Now that Daylight Saving Time has ended for the year, Louisiana readers will spend more time driving in the dark. Unfortunately, the National Safety Council reports that the risk of a fatal crash is three times greater once the sun goes down.
One of the reasons nighttime driving can be riskier is that a driver's vision is diminished in the dark. Normal headlights only illuminate 250 feet of roadway in front of a vehicle, and high-beam headlights only illuminate 500 feet. In addition, a driver's depth perception, peripheral vision and color recognition all decrease in the dark. In order to enhance nighttime vision, traffic safety experts recommend that drivers make sure their headlights are clean and properly aimed. Drivers should also dim the dashboard lights and clean the windshield to reduce glare. Vision decreases as people age, so older drivers should make sure they have annual vision exams, minimize distractions and reduce their speed. They may also benefit from taking a refresher driving course.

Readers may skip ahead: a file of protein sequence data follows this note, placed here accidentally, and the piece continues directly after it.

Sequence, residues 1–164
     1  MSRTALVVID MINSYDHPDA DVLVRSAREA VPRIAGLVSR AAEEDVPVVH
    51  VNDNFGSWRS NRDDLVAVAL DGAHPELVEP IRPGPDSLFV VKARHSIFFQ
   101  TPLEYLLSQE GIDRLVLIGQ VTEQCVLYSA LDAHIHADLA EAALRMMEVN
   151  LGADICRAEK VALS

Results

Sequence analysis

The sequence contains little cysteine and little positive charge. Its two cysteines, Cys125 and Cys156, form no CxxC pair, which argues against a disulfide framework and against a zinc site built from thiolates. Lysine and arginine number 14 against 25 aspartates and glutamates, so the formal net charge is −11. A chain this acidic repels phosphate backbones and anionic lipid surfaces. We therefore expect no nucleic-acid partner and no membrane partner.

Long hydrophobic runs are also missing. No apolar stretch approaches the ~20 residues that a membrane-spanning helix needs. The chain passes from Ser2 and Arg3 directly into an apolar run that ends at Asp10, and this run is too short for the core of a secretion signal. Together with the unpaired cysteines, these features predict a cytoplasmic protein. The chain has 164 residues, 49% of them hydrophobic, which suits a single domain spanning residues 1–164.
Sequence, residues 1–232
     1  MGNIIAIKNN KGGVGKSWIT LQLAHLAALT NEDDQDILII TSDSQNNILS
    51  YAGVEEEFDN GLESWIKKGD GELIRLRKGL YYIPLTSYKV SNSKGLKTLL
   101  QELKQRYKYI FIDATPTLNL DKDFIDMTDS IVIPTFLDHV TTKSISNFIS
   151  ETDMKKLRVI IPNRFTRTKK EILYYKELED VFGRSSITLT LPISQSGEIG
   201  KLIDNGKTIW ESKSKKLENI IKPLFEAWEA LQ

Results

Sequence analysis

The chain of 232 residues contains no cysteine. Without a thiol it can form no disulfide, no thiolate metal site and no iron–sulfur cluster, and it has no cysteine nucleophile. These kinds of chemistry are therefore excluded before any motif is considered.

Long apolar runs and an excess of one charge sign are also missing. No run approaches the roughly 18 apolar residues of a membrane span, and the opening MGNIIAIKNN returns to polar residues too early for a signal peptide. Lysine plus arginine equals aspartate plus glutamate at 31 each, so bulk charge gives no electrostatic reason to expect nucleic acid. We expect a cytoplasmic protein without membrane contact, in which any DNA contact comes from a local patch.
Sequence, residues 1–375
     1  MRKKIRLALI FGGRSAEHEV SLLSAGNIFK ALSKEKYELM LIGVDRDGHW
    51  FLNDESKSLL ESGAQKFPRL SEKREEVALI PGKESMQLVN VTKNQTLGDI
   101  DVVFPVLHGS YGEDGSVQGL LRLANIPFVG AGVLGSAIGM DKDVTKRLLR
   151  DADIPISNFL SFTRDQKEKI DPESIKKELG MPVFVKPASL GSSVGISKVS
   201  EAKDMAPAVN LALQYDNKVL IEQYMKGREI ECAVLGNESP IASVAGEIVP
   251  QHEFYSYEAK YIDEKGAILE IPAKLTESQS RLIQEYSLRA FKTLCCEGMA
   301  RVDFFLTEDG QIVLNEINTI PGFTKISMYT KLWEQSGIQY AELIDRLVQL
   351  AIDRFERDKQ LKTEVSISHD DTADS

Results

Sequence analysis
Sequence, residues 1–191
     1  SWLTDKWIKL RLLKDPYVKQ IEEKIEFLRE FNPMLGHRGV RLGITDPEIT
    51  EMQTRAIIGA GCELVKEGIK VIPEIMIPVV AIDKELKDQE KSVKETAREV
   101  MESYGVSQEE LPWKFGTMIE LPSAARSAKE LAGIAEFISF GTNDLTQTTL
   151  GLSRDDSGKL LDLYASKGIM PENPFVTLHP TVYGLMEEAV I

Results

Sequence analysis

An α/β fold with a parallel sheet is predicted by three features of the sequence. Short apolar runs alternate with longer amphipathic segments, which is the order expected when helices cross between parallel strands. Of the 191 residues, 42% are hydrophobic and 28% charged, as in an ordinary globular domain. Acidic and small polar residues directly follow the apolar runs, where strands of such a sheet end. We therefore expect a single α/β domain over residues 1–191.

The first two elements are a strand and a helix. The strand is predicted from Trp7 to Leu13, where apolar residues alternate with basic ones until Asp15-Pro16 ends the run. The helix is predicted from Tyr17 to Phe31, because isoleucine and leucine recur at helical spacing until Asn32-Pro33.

Fatigue can also play a role in nighttime crashes. According to a survey by the National Sleep Foundation, 60 percent of adults have operated a vehicle while tired. Worse, 37 percent of adults admit that they've actually fallen asleep while driving. To reduce the risk of drowsy driving, experts encourage drivers to get seven or more hours of sleep every night. On longer road trips, drivers should take a rest break every two hours and pull over to nap if they feel sleepy. Individuals who have been awake for 16 or more hours should never get behind the wheel.
People who suffer injuries in a car accident may benefit from contacting an attorney. An attorney might evaluate the case and recommend the appropriate course of action. For example, it may be advisable to file a personal injury lawsuit seeking compensation for medical expenses, lost wages and other damages.